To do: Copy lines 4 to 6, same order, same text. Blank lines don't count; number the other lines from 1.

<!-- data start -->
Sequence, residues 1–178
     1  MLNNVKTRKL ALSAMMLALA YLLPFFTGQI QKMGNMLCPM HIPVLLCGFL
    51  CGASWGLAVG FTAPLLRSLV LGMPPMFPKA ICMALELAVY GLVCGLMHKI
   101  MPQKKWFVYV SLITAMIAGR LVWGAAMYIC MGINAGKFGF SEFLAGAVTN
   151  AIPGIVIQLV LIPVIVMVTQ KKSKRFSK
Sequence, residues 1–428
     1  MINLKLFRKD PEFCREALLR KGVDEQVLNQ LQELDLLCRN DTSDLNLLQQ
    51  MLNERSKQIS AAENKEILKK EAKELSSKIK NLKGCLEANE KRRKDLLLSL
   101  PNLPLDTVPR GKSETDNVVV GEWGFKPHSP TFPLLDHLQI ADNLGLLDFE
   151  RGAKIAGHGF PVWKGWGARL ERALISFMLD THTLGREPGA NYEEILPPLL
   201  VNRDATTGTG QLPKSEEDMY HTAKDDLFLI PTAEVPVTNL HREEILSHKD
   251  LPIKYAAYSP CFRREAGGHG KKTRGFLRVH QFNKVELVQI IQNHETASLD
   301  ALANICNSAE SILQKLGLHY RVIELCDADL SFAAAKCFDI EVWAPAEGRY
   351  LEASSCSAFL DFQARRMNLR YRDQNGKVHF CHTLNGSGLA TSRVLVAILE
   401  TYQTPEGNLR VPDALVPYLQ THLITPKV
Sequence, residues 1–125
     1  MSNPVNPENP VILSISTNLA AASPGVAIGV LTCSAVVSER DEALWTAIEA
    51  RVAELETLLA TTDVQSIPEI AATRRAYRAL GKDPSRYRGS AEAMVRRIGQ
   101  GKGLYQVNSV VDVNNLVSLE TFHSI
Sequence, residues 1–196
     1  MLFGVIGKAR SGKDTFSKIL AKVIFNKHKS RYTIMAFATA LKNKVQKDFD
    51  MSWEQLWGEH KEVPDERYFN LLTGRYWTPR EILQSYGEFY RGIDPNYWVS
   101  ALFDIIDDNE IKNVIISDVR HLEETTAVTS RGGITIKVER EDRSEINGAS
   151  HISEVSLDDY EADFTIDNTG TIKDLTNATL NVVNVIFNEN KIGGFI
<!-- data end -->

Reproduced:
   101  MPQKKWFVYV SLITAMIAGR LVWGAAMYIC MGINAGKFGF SEFLAGAVTN
   151  AIPGIVIQLV LIPVIVMVTQ KKSKRFSK
Sequence, residues 1–428